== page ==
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Dangerous Beauty (Dangerous Beauty #1)
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A beautiful fugitive. A hot bodyguard. A high-stakes game of temptation.
For Nasir, former Special Ops military man and bodyguard, his new job seems like an easy-money gig: trail a Russian mobster’s runaway wife in Mexico, enjoy the sun, observe, and report. Just one rule: don’t get too close. But it’s all Naz can do not to watch the alluring dancer’s every move. A closer look is irresistible—especially when she’s in trouble.
Evalina escaped to the island getaway to live an untraceable life—as far away from the past as she can get. But Eva can’t ignore the dark, muscled stud who rescues her from a drug gang. He says he’s an ex-cop on vacation. When providence throws them together time and again, Eva thinks it’s all a beautiful coincidence. Now she’s giving in to a strange new sensation: trust.
But Naz has a mission to accomplish and a secret to keep. Eva has her share of secrets, too. And as the heat flares between them, Naz knows that trust could become the most dangerous impulse of all.
***Part one of a three part series.***
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Women are like roads. The more curves they have, the more dangerous they are.
Having been followed by men for as long as I can remember, I’ve developed a sixth sense for it.
A crackle of electricity on the skin. A few pricked hairs on the arms. Animal awareness that brings my surroundings into sudden taut focus, the way a lover’s teeth pressed gently against the neck can make the nipples grow hard.
Someone is watching me.
Someone close by.
I don’t outwardly acknowledge that fact, though my pulse skyrockets and it becomes impossible to catch a breath. I simply continue browsing through the display of peaches on the wooden stand until I find one perfectly ripe and unblemished, then stash it in the canvas bag slung over my arm, pay the fruit vendor, and continue on my way through the shade-dappled outdoor market.
I force myself not to hurry. Against my hip, the small revolver concealed in the pocket of my full skirt is a cold, reassuring weight.
I knew this day would come. Dimitri never lets me go for long. But this time, I’m not going back.
This time the only way he’ll get me back is in a body bag.
Oranges. Mangoes. Loquat and cherimoya, both slightly bruised from their trip over from the mainland, but edible. A few vegetables, then a piece of yellowfin from the fishmonger, and my shopping is finished.
The market is busy, as it always is on a Saturday when the cruise ships dock in the port. Laughing children chase each other over worn cobblestones. Tourists admire overpriced trinkets in a jewelry stall. Swaying in the ocean breeze, hand-dyed scarves hang from a line, as colorful as exotic birds.
I nod hello to a few familiar faces but stop to speak to no one. I have to deal with the tail quickly. My voice would betray my fear, anyway. Turning high and strained whenever I’m afraid, it’s the one thing I’ve never been able to train myself to control.
Fortunately, I don’t need my voice to take care of the man following me. All I need are my hands, which are steady, a deserted alleyway, and the weapon hidden in the folds of my skirt.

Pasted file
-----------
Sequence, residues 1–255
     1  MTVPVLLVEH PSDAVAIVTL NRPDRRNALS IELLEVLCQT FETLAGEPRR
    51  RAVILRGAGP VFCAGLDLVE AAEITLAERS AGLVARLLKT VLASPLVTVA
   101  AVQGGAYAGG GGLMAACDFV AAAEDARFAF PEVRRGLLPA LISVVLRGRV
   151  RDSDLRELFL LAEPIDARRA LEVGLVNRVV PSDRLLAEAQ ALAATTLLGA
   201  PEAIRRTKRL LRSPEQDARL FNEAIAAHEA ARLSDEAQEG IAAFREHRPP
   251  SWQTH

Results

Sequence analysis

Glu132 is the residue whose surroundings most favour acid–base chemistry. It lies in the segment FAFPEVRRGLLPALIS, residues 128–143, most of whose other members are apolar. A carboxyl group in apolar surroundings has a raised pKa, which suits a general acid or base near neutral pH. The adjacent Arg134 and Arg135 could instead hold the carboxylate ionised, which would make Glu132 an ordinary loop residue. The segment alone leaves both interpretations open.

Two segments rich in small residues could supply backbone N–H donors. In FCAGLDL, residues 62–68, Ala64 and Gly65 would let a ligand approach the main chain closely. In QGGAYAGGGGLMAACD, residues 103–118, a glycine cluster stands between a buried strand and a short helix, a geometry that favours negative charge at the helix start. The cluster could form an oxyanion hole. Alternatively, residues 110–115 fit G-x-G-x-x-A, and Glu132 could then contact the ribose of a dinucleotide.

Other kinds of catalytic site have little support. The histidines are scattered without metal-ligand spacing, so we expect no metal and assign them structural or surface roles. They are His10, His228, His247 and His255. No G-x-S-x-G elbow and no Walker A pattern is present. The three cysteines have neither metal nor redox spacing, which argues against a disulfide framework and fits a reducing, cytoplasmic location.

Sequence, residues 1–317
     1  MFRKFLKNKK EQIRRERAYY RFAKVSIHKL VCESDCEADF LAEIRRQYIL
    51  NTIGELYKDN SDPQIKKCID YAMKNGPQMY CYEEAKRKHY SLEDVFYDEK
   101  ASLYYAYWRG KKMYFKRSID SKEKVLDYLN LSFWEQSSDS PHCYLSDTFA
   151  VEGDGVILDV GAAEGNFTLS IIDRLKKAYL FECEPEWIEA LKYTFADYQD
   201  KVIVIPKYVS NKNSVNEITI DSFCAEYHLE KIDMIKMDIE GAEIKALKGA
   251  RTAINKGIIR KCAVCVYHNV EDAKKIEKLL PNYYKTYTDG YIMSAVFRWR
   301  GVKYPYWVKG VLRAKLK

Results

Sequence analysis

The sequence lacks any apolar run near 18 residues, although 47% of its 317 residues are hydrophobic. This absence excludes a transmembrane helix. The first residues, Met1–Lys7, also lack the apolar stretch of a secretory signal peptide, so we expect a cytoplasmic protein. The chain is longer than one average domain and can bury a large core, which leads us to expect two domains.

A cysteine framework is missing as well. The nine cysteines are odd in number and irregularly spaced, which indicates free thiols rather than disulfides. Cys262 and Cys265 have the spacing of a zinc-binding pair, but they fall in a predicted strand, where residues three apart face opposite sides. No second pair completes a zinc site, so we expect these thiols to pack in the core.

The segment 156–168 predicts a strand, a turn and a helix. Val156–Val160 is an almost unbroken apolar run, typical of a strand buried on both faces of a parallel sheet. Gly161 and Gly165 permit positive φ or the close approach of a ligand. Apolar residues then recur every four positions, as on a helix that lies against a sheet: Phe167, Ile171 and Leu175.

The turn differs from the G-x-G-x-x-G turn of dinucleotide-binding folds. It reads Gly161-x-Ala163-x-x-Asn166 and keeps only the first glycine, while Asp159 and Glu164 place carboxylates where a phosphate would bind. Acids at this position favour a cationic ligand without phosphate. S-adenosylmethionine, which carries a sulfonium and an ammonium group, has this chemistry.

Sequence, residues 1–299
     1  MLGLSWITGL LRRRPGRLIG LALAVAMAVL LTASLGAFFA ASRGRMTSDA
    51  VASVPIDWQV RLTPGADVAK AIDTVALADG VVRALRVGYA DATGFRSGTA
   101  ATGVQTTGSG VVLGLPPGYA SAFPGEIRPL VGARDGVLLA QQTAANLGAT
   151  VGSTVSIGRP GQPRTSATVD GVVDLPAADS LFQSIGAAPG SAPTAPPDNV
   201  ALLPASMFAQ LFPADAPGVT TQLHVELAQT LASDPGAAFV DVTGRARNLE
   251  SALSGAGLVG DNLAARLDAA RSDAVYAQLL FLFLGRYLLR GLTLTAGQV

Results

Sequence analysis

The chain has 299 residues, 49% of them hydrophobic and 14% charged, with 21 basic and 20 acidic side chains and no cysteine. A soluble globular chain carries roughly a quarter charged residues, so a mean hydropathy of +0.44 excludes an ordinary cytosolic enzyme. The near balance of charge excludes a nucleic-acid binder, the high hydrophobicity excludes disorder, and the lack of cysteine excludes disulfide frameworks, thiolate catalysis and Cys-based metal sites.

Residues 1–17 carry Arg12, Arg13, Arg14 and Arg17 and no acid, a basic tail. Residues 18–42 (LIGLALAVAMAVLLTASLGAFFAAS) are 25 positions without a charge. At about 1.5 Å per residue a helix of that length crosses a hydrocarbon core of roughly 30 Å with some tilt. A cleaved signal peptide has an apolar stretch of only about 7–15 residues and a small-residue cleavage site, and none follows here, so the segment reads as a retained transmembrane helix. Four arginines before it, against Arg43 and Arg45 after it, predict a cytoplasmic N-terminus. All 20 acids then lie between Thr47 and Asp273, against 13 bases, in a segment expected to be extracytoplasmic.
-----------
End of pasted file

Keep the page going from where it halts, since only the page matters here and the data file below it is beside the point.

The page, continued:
Like the rest of Mexico, Cozumel suffers from its share of violent crimes. A dead man in an alley will hardly raise an eyebrow.
But he isn’t dead yet. My shadow is careful. He keeps an invisible distance as I wind through the maze of fruit stands, flower vendors, and T-shirt stalls, the sun hot on my head and my pulse pounding.
Passing the pickups with truck beds full of watermelons and pepino amarillo lined up along the sidewalk outside the market, I quicken my pace. My apartment overlooks the ocean, but I head in the opposite direction, farther into town. My destination is a street notorious for its drug trade, where tourists can buy anything they desire from dead-eyed thugs who’ll rob them for their trouble afterward.
Sweating from humidity and adrenaline, I turn a corner, then another, then another. I feel my watcher’s steady presence behind me, cold and creeping, like a fog.
A skinny stray dog noses through a pile of trash in the gutter. An old man smoking in the shade of a palm tree squints at me with watery eyes. Pigeons burst into sudden squawking flight from the dirt when I round the next corner, and I start, sucking in a hard breath.
Keep cool. Get it done, then get the bug-out bag and disappear. You’ve trained for this. You’re prepared!
I’ve never killed a man before, though. I have no illusions that my time spent shooting at trees in the woods will prepare me for the devastation I’ll feel after that. And the blood—
I curse under my breath and cut off the thought before it can go further. This is no time to get sentimental. Whatever the identity of the man following me, one thing is for certain: he’s a mercenary. Dimitri hires only hardened men—ruthless men—and this one will be no exception.
It’s him or me. I’ll let God decide the degree of my guilt later.
He alone knows my reasons.
I find myself in a narrow alley between two abandoned buildings. The stink of piss and rotting trash sours the air. Flattening myself against the rough brick wall, I drop the canvas bag and draw the gun from my pocket.
Then I wait, holding my breath.
If you want me, come and get me. I’ve got a surprise for you, friend.
A bead of sweat rolls down my temple. In the stillness of the hot afternoon, my heartbeat sounds like gunfire. I hear the quiet shuffle of feet approaching and raise the pistol.
I nearly shoot the old man in the head.
“Dinero?” he says in a wheezy voice, holding out an arthritic hand.
“My God!” I shout, swaying with horror. “I almost killed you!”
He squints at me again, unconcerned by the gun. “Dinero?”